FRAM at Almedalen - New chemical tax on electronics - what's the point?
FRAM together with University of Gothenburg and Västsvenska arenan hosted a seminar "New chemical tax on electronics - what's the point?" at Almedalen Political Week*. The seminar was held in Swedish - "Ny kemikalieskatt på elektronik - till vilken nytta?" and was videostreamed (clicking on the photo below or here).
Participants from left to right; Mikael Karlsson (President, The European Environmental Bureau, researcher KTH); Åsa Romson, Member of Parliament, Chairman of the EU Committee (MP); Susann Lundström, Partner KPMG; Moderator: Pernilla Rendahl, the FRAM centre at the University of Gothenburg.
From July 1, there is a new tax on certain chemicals (flame retardants) in some electronic products (TVs, mobiles, tablets, white goods, etc.). The purpose of the tax is to reduce the occurrence, spread and exposure of hazardous flame retardants in people's home environment. Technically, is the electronics that are taxed, but it is the flame retardants used in the products that the tax is supposed to target. However, consumers who buy goods directly from other countries are not affected by this tax as the tax only applies on electronics that are purchased from companies within Sweden. Many have been positive, but there has also been hard criticism.
During the seminar, the new chemical tax was used as an example to highlight basic issues regarding taxes as a means of achieving an environmental goal. The seminar was led by moderator Pernilla Rendahl that introduced the subject briefly and thereafter followed a debate on the pros and cons of the new chemical tax and policy instruments in general. The panel did agree that we certainly don’t want hazardous chemicals in any type of products. All also found it odd or even scary that we in 2017 know so little about which chemicals that are present in our common electronic products and also whether they are hazardous or safe, or something in between.
When it came to the specific tax on electronics, which is now implemented from 1st of July there were several different views. The panel partly agreed that policy instruments such as the new tax are needed to minimize the use of hazardous chemicals. Åsa Romson pointed out that all new taxes that are introduced are met with skepticism and critique by those affected by it. However, Susann Lundström pointed out that the current tax on electronics are too clumsy and not fair as it only applies when products are sold within Sweden. Mikael Karlsson clearly stated that policy instruments are indeed needed and if to wait for the perfect instrument then there will never be a change.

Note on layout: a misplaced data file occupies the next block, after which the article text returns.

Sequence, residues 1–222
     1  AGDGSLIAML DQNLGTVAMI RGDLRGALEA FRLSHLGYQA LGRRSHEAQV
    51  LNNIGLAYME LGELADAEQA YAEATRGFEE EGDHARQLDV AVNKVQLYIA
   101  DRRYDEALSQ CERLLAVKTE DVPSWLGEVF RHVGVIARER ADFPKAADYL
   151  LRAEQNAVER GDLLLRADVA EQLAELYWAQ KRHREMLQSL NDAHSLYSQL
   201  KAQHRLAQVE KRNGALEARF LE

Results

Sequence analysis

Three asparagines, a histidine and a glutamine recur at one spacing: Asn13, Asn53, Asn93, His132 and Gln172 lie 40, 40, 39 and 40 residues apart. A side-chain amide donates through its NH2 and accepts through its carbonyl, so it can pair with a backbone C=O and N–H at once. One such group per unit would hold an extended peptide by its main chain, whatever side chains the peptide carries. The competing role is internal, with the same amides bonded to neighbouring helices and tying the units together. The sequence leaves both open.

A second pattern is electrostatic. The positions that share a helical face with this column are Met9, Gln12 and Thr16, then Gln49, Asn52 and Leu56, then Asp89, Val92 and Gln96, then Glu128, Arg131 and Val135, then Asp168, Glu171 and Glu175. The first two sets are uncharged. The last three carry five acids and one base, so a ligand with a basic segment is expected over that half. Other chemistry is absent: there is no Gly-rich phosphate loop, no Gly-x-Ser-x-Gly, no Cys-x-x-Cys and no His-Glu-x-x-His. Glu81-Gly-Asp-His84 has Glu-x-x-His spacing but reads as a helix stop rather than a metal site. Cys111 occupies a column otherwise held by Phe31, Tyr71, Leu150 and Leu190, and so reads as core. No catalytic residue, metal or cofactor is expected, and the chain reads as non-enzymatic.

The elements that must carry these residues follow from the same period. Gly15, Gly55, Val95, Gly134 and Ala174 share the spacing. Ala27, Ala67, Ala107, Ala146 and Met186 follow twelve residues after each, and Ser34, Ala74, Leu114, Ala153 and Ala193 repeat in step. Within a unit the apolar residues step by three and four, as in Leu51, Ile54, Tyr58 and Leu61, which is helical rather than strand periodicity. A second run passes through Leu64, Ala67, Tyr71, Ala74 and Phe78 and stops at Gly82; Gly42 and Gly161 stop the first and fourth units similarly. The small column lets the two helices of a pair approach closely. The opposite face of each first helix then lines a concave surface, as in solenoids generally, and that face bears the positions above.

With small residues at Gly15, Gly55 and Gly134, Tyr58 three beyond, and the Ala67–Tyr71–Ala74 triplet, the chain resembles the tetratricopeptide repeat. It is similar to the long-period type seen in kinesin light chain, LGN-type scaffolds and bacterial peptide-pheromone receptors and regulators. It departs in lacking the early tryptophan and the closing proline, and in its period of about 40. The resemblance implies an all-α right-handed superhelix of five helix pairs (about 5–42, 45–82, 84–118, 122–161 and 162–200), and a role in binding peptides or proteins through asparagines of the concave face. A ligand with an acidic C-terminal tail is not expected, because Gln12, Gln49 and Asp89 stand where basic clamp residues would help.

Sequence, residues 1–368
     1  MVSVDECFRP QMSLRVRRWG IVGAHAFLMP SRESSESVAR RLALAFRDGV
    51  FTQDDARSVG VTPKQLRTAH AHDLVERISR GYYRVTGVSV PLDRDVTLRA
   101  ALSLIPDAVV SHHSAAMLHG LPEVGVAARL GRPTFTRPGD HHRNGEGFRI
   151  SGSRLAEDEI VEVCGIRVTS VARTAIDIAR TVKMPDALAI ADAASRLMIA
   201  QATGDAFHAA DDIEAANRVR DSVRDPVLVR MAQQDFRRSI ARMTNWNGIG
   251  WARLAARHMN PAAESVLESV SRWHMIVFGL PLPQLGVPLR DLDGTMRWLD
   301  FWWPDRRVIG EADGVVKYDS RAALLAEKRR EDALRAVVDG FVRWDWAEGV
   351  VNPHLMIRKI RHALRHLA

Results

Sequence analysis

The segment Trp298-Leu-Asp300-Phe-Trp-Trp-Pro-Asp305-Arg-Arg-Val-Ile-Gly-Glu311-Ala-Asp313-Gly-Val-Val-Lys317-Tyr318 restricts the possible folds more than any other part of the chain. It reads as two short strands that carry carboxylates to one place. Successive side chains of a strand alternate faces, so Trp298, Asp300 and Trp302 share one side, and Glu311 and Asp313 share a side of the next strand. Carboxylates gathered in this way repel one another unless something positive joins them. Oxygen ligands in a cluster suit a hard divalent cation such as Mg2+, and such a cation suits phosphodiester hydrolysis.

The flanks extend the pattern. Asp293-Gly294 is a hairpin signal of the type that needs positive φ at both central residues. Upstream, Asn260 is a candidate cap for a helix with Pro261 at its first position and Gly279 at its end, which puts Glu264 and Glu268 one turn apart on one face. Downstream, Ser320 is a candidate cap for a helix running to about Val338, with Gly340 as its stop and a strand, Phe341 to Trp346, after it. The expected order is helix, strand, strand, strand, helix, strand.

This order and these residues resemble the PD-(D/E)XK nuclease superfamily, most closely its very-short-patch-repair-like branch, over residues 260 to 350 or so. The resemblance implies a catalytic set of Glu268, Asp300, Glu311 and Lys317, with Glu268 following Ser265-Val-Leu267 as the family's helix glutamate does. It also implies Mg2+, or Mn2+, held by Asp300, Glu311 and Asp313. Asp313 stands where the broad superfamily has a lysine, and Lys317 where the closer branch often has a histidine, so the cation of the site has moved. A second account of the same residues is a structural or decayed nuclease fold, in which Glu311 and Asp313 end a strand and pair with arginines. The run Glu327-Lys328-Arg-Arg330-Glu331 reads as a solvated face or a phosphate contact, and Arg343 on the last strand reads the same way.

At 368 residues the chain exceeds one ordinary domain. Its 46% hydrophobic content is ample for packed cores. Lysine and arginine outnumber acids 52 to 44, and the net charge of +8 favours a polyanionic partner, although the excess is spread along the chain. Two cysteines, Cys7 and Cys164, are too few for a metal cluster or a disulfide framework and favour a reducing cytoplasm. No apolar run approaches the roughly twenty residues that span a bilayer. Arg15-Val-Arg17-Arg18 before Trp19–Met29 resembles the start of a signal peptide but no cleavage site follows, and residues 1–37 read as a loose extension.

A question brought up by the audience was concerning that the tax applies also when re-selling re-cycled electronics and how that was in compliance with the current thrive for circular economy? The answer was clear; we should not start circulating hazardous chemicals. Plus, if we have problems knowing what chemicals that are present in new products it seems impossible to know what is in the older ones.
Åsa Romson clearly highlighted the need for more research on environmental taxation.
*Almedalen Political Week is the most important and progressive political gathering in Sweden. It takes place in the capital of Gotland, Visby. Every year, for a week during the summer, politicians, business people, NGOs and investors from all over Scandinavia and other countries meet to discuss how best to foster the economy and enhance social objectives.